• Use reflection questions.
    • Reflect on your practice. At various times during the day, especially at the end, take time to think back through your interactions. Examine the beliefs you espouse compared to beliefs you act out, your thoughts, sensations, reactions, and emotions. Ask “what” and “how” questions to understand how these played out.
    • Reflect in your practice. Monitor the above aspects of your being while you are working and interacting in real time. Present-tense versions of your end-of-day questions work well to guide real-time reflection.
    • Find questions for reflection here

A Few Favorite Reflection Questions

How else could I look at this?
What were my clear expectations?
What impact did my inner conversations my effectiveness?
How open am I to learn?
How stuck am I in my way of thinking?
How true am I to my values?
What triggered the emotions I experienced?
  • Exercise discipline.
    • Throughout the day, take breaks and replace thoughts of work with positive thoughts about something or someone you appreciate. Be grateful for them.
    • Stay present during interactions with others. Pay attention to what others say without judging them, letting your biases distort the message, or having an inner side conversation with yourself. Avoid avoiding jumping to quick conclusions, correcting, or trying to fix. Stay curious. Be open to new and unfamiliar ideas and ways of doing things.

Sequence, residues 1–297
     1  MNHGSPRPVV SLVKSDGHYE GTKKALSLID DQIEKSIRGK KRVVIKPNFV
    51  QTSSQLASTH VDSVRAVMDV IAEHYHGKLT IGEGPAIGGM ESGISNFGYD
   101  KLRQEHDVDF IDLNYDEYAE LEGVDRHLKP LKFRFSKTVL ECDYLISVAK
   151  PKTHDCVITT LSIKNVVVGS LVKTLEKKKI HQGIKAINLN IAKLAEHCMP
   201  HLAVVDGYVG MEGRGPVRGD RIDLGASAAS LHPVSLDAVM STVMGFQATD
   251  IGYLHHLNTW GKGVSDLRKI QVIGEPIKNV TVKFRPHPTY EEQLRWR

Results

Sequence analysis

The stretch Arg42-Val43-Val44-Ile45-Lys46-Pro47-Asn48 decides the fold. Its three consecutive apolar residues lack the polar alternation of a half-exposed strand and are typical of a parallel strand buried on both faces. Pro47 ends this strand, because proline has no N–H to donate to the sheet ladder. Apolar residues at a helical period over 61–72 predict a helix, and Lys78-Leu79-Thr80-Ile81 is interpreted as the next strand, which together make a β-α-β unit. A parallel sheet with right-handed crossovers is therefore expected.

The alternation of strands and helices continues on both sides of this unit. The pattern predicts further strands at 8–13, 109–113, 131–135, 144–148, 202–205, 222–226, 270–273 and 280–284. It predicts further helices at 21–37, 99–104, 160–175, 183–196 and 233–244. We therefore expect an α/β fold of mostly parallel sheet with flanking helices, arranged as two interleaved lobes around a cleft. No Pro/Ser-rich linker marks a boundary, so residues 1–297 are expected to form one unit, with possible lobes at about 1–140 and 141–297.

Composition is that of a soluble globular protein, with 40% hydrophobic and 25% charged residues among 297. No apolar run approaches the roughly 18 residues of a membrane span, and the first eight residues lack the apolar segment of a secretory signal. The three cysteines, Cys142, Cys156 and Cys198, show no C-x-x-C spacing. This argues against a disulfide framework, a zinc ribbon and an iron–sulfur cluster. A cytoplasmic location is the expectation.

• Practice behavioral agility, which is the ability to modulate your behavior, especially stress behavior, to best serve a particular situation.
  • Learn how others see you.
    • Have conversations with others you trust to see if your beliefs about yourself are accurate. You may not feel comfortable opening up to your coworkers, your board, or even at home. If so, get a coach, a counselor, or a trusted advisor.
    • If you think others may be guarded in their opinion, engage a third party to facilitate a qualitative 360° interview process.
  • Be courageously honest with yourself, even if it’s painful. Celebrate the good. Correct thoughts and actions as required.
  • Try keeping a journal of your thoughts and reflections.

J. Michael Godfrey

J. Michael Godfrey, DMin, PhD, PCC, is the founder and president of True Course. He supports leaders to be more, see more, and achieve more that matters in their personal lives and professional lives, and helps them posture themselves to finish without regret. True Course supports executives as they lead their organizations to become places where people love to work, serve, and be customers. He is the author of Without Regret: Be More, See More, Achieve More that Matters and Put Stress to Work: Turning Headaches into Advantages. For more information visit Contact Dr. Godfrey at